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Google Rolls Out Branded Google Gulp Drinks

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Not satisfied with just offering a new line of Google underwear, Google has also announced today Google Gulp, smart drinks designed to "Quench Your Thirst For Knowledge."

I do have to take them to task for making it another closed beta -- and an invite only one at that! Like Gmail and Orkut, if you're going to roll out Google Gulp, you should roll it out to everyone. Just put the new drinks out there on the store shelves -- and bring out a diet kiwi strawberry flavored one, while you're at it.

Google addresses a number of these concerns on its FAQ page. Still, for the moment, only the lucky few who have already gulped Google Gulp and can give you a required cap lid to drink the product.

I have a few of those lids left over from the advanced case of Google Gulp that was sent to Search Engine Watch. However, strict Google NDA/embargo terms prevent me from giving those to anyone who fails to meet a required "cool" standard as mentioned on the Google Gulp site:

Well, if you know someone who's already been "gulped," they can give you one. And if you don't know anyone who can give you one, don't worry ? that just means you aren't cool.

Unfortunately, I also can't disclose exactly what coolness is, according to Google. Matt Cutts, a software engineer who works closely on coolness projects, said it's one of those "you know it when you see it" types of things. As for the possibility of creating a page on Google where people could check their coolness, he worried it might jeopardize the integrity of cool.

"You can imagine that people would see if they were cool and if not, then they'd change some things and check again, trying to manipulate their coolness," Cutts said. "That's not what we want. If you're naturally cool, our CoolRank technology can detect that. And the best way to be cool is to just think about how humans perceive cool and act that way."

Cutts did add that Google would consider the idea of a coolness checker, as well as the idea of adding a coolness meter to the new Google Toolbar.

"We're always open to new ideas at Google, and we take all feedback seriously," Cutts said. "I can assure you we'll spend a lot of time pretending that we might actually create some type of coolness checking form but which really has a snowball's chance in hell of ever appearing. Um, did I actually say that last part out loud?"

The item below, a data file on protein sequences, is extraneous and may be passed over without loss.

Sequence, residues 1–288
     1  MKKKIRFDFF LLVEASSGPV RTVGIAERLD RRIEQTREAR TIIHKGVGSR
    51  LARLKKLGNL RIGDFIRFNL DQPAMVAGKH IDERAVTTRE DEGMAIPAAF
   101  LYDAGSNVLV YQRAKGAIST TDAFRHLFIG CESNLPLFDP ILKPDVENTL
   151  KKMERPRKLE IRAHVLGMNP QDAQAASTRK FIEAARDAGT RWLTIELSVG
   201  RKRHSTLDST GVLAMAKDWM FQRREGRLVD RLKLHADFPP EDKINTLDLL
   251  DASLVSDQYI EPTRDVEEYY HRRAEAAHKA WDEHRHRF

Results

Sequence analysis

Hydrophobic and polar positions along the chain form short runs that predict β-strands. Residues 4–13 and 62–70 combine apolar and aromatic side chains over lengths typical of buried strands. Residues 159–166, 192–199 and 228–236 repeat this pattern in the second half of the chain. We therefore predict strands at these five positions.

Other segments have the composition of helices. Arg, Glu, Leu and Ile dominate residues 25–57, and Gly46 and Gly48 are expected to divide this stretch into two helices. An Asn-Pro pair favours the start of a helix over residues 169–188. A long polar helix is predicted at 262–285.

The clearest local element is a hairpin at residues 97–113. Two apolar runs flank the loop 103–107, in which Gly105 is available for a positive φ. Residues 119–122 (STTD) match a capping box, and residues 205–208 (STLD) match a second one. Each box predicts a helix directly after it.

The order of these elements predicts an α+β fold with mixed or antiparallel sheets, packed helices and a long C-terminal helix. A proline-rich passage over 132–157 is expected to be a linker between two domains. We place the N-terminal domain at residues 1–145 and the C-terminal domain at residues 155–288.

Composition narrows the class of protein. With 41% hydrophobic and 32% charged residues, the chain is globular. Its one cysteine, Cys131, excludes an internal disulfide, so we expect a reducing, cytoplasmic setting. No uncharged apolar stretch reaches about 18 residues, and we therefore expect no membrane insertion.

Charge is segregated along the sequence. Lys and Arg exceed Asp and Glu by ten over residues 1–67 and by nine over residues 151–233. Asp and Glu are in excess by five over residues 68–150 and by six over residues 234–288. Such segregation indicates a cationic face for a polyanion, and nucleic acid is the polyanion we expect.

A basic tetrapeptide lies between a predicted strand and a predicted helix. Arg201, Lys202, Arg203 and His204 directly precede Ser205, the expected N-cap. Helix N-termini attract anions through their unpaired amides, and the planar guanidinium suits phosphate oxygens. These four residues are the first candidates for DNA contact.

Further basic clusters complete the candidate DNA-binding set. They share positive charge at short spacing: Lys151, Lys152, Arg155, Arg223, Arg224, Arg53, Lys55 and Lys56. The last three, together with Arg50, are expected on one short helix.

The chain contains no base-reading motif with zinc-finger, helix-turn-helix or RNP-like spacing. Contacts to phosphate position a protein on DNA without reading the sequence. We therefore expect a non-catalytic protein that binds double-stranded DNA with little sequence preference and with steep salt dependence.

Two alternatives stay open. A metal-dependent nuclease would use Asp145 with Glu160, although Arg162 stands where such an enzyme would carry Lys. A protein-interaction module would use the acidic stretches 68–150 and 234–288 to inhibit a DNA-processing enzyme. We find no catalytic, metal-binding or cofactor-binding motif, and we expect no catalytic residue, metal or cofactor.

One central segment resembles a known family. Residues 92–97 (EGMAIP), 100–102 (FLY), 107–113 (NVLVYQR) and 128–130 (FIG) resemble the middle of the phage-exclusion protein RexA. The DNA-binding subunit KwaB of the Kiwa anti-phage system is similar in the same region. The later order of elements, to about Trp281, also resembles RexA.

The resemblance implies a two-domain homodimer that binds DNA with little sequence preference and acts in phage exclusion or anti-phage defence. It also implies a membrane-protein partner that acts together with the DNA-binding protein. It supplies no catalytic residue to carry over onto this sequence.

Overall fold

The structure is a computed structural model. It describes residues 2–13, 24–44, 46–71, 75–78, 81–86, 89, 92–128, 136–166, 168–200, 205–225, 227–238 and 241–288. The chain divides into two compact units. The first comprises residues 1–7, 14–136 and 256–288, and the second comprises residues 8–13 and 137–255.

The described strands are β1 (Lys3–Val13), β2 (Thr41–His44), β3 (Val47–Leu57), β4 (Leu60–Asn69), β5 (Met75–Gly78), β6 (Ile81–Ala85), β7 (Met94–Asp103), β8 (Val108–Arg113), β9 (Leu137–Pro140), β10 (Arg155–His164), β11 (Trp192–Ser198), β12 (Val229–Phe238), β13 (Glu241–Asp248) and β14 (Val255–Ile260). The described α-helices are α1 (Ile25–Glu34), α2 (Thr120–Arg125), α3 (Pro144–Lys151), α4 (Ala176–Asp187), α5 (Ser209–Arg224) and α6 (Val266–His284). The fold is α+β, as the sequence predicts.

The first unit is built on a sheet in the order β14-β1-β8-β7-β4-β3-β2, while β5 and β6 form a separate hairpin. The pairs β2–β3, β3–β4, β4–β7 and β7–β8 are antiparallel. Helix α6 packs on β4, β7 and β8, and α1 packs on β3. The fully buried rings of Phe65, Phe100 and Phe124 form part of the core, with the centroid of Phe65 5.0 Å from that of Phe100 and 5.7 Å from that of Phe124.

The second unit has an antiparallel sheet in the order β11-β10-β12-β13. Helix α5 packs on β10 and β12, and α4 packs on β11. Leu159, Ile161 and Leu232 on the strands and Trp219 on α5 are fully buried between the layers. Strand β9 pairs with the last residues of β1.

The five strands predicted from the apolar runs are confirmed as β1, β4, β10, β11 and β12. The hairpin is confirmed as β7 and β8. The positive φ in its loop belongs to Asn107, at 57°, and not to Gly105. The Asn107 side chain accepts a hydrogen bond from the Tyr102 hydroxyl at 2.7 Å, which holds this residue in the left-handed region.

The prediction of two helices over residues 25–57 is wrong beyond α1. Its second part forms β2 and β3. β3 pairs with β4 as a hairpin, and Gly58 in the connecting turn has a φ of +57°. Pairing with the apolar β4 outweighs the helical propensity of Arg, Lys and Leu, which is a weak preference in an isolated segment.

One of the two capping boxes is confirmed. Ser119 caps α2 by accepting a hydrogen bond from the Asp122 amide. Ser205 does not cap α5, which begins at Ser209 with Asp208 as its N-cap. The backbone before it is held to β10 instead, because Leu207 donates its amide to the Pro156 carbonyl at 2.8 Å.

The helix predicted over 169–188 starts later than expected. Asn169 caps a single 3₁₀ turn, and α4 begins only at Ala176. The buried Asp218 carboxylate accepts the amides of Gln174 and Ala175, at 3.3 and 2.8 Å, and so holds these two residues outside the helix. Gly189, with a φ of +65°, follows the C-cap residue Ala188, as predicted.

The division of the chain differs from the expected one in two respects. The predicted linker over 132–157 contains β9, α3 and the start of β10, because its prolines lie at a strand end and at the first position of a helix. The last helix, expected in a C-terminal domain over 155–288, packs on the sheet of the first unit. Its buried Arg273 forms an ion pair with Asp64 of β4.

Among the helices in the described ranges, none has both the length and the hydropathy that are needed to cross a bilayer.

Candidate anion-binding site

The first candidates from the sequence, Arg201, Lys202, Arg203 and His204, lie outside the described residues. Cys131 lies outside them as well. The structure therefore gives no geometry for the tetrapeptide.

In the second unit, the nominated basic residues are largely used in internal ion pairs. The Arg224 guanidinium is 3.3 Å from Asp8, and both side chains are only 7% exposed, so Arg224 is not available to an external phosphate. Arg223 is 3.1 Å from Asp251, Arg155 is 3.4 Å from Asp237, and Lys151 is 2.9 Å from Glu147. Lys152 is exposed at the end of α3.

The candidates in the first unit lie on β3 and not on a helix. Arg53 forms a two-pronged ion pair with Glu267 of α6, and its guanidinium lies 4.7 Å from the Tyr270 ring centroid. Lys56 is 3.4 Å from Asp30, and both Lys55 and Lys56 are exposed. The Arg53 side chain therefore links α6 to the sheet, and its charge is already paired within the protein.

Some privacy advocates have come out against the drinks. Google has a long disclaimer at the bottom of the Google Gulp page saying it won't share information gathered through Google Gulp. But privacy advocates are worried that urine might carry traces of your enhanced personal information. They also object to the 30 year life span of the products.

"Sure, Google says this now. But in 30 years, these products could still be out there, and the company may have completely changed. Who knows what the new management or some firm that takes over might do," said Daniel Brandt, who has started a new Google Gulp Watch site to protest the drinks.

Others also object to Auto-Drink, a feature of the drink that automatically changes your mind. Some are especially worried because they've found it adds things to your mind that you may not have initially intended to have there in the first place.

I can't agree with some of the concerns that have been raised over this. If Auto-Drink were changing the minds of other people, then it would be a concern, and an opt-out should be offered. But you're completely in control of your own mind. Since Google Gulp allows you switch Auto-Drink off, it's completely possible to enjoy the drinks simply as thirst quenchers.

In other news, it's being reported that 7-11 in France has filed a lawsuit over the use of the word "Gulp" by Google. The company feels it infringes on its Big Gulp line of drink containers.

Google responded that if the lawsuit isn't withdrawn, it will ban 7-11 from its search engine, including no longer showing up in Google Local's new "Need A Drink" feature, that maps where 44-ounce beverages can be found in any location.

"We're done fooling around. Sue us, and we'll get even. They're our results, and we're under no obligation to send traffic to anyone. There are plenty of other convenience stores we can send people to," said Google spokesperson Nate Tyler.

Want to discuss? Join our forum thread on the topic. Also see our compilation of search stories issued on this special day.


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